A lot work went into making the 2011 Toronto Christmas Market happen inside the historic Distillery District complex at 55 Mill St near Cherry St and Lakeshore, which is perhaps the oldest part of the old ‘Muddy York’.
First the construction crew had to install and decorate a 45 ft White Spruce Christmas Tree that was donated by Trees Ontario. The tree is an absolute spectacle with over twelve thousand reed switch component light bulbs and ornaments and is topped with a shiny silver star.
Next they had to fix and reinstall the old fashioned clock tower. It disappeared from the site after it was knocked over by a box truck earlier in the year. This majestic chronometer really steals the scene and is the subject of countless photos taken here at the distillery. The fifteen foot tall clock is always on time and doubles as a light source at night.
Is that a suction truck at the base of the clock? Yes. The Distillery is built on marshy land and not much higher than Lake Ontario. Today the water table is so darn high in the Distillery District that this truck is required to come and suck the water from the spongy ground before cement can be poured and foundations can be secured, even for such small things as old fashion clocks.
Next the construction crew had to assemble over fifty wooden box vendor huts from materials that were donated by Loews.
Also present on the list of achievements is the world class audio sound system that pipes holiday cheer through speakers hung throughout the complex, and the food vendors that serve delicious meals made fresh with organic ingredients and cultural delicacies imported from all over the world.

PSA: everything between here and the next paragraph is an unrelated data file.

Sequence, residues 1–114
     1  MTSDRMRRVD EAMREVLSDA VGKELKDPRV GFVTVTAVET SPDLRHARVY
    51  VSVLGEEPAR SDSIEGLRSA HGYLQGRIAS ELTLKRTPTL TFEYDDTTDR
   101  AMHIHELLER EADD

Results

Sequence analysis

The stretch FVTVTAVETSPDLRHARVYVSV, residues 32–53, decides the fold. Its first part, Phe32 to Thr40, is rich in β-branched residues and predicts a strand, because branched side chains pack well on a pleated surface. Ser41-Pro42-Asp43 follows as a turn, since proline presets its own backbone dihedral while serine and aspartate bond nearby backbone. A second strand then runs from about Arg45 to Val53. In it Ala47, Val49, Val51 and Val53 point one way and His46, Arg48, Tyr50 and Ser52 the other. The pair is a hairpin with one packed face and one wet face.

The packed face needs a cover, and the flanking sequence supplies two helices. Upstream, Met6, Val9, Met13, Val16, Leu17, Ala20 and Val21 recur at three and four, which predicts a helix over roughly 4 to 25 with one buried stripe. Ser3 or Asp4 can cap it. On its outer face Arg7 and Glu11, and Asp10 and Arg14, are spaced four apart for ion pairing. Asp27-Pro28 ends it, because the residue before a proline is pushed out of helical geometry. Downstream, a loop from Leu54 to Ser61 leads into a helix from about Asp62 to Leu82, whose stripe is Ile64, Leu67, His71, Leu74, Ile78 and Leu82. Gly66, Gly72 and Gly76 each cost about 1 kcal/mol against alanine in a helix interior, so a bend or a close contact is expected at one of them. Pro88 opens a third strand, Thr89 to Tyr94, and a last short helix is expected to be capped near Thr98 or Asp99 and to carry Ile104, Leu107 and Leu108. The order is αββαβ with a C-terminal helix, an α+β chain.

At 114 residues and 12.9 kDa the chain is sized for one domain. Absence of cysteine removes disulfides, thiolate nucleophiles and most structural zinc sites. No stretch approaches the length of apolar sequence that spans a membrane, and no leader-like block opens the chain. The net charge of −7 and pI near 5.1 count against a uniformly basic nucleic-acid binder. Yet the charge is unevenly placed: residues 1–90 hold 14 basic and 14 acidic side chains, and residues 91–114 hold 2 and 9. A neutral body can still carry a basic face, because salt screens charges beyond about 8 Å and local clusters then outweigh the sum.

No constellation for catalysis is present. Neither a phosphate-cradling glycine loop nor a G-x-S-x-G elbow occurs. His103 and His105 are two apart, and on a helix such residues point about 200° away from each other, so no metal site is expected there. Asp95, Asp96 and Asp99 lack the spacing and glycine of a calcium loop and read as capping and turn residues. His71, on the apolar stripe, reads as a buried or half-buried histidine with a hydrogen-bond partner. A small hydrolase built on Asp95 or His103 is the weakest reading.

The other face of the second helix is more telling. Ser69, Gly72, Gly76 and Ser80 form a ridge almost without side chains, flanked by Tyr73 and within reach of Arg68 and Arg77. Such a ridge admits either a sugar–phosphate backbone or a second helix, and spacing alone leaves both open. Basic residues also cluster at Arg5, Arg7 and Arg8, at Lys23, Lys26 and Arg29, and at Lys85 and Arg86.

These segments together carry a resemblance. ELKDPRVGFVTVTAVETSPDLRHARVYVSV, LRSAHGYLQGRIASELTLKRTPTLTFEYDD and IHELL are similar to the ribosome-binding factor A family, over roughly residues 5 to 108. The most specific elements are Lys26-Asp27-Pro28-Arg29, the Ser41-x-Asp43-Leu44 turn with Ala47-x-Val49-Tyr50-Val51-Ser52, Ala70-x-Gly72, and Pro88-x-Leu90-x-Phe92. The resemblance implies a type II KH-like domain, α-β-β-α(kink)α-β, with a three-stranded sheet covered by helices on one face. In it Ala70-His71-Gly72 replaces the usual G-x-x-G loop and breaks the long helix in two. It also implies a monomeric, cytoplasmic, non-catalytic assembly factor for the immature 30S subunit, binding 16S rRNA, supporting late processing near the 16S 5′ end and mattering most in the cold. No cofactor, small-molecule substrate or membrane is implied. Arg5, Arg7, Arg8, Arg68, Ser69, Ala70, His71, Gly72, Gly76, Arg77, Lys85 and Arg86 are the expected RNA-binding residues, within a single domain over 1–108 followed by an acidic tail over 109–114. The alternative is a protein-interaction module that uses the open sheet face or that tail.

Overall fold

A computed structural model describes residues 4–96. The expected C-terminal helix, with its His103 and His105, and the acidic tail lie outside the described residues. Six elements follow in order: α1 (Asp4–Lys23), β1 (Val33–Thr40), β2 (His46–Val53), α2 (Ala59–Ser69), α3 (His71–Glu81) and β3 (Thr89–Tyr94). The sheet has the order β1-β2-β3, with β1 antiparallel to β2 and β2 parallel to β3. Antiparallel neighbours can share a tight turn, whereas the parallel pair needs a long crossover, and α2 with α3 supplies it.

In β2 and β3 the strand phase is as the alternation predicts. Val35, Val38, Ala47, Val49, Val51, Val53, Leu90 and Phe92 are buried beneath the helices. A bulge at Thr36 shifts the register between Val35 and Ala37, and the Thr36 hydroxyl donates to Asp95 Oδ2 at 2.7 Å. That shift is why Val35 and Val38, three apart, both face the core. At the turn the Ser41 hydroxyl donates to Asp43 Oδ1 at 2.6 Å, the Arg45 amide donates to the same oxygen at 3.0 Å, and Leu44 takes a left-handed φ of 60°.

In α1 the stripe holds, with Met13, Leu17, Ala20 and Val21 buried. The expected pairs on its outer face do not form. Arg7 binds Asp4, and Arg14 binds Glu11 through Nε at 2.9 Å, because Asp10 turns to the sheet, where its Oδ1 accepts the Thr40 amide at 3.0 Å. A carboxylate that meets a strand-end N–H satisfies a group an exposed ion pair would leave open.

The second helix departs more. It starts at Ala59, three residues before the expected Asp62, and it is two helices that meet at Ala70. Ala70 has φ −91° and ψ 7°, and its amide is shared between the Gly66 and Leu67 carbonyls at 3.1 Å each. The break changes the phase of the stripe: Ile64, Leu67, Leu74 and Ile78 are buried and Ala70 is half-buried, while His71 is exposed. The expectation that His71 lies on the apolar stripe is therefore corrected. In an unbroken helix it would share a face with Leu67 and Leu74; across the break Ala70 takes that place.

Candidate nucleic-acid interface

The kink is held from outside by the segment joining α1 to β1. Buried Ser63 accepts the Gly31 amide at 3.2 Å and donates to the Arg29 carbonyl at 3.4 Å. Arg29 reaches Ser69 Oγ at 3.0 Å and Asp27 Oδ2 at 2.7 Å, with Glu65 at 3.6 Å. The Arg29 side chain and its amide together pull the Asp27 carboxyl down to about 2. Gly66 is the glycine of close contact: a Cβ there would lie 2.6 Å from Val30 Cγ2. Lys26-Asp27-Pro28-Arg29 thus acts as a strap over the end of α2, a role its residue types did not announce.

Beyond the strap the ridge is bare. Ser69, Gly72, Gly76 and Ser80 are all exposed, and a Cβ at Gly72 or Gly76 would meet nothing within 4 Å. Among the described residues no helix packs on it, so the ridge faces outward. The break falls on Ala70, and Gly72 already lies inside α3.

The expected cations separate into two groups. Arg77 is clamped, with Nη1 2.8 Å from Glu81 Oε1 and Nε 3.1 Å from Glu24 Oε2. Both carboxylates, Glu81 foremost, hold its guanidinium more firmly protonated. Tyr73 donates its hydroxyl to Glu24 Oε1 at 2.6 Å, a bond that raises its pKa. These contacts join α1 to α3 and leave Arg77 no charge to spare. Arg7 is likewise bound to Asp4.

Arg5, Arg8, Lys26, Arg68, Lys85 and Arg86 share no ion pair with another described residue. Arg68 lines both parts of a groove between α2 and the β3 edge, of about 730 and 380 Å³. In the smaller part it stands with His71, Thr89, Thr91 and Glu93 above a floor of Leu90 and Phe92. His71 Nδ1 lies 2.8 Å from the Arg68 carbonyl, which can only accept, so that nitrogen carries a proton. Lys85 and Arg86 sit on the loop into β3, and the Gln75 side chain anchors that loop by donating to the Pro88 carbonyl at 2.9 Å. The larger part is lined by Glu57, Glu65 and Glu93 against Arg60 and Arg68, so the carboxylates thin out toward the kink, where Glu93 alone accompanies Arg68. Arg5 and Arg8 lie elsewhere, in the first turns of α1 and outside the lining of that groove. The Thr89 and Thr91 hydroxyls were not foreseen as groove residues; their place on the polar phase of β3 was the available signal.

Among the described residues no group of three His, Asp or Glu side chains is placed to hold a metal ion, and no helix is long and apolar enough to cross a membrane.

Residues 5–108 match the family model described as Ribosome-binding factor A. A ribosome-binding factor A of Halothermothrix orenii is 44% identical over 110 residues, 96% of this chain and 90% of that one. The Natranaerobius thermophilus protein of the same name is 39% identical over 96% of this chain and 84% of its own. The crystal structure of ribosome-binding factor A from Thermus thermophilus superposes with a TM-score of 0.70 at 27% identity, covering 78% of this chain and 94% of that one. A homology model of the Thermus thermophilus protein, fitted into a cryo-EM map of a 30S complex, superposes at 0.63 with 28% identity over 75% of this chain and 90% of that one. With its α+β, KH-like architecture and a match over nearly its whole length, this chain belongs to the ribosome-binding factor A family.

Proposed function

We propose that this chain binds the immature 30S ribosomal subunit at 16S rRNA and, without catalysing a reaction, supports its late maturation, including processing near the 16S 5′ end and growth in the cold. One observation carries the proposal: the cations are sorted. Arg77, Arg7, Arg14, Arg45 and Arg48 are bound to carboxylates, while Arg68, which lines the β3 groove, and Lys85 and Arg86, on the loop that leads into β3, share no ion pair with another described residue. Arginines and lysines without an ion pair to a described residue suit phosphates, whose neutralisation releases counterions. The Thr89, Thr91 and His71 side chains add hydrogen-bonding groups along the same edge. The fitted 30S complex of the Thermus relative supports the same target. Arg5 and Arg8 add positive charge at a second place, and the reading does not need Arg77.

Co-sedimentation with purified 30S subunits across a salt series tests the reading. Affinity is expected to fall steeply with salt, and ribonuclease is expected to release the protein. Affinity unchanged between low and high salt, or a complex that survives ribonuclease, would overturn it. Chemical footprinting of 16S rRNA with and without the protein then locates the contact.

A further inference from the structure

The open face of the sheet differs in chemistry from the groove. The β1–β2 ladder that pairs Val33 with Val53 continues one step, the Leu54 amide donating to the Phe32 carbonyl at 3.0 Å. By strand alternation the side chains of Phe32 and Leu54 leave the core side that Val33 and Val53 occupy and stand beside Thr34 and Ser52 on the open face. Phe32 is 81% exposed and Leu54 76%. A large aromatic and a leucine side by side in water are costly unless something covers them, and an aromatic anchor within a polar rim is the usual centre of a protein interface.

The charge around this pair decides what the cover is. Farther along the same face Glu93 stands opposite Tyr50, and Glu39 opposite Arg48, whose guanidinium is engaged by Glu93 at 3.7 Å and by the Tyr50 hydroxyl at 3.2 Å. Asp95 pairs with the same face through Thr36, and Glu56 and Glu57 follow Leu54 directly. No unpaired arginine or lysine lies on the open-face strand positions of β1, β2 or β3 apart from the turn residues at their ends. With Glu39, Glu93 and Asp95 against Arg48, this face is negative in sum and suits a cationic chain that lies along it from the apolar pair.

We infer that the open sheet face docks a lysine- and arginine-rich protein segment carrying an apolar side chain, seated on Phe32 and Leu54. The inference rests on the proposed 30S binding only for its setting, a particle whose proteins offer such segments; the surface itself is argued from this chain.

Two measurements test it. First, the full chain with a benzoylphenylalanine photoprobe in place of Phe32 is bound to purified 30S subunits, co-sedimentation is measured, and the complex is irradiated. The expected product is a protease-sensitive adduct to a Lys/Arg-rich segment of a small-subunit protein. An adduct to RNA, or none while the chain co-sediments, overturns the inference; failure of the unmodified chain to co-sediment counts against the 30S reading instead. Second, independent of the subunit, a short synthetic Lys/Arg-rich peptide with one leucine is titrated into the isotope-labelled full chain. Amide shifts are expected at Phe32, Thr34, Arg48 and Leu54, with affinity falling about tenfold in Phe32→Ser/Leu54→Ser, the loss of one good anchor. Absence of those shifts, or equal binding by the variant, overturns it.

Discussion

Oh yes the building of Santa’s maze in which you can see here was accomplished by an army of yellow safety jacketed elves.
The 2011 Toronto Christmas Market exists in the shadow of the half completed forty four story Gooderham condominium building in the background, and the extension of the development upwards into the sky. Toronto mortgage broker says the measured strength of the cultural scene on the streets and below developments helps leverage the true value of the real estate market above.
The shopping mall below the two towers, some of which will be completed by spring 2012 is reputed to include a Toronto dentist beside a business center hair salons and a Japanese Sushi bar, oh and a Mexican restaurant with state-of-the-art web karaoke machines.
Now in its second year, the 2011 Toronto Christmas Market at the historic Distillery has more street vendors, buskers and costumed performers, more live stage shows and the entire compound is licensed for alcohol. The Toronto Christmas Market is a European market style attraction that’s slowly evolving by continuous improvement into its own uniquely Canadian festival. There’s nothing else quite like it anywhere else in Canada.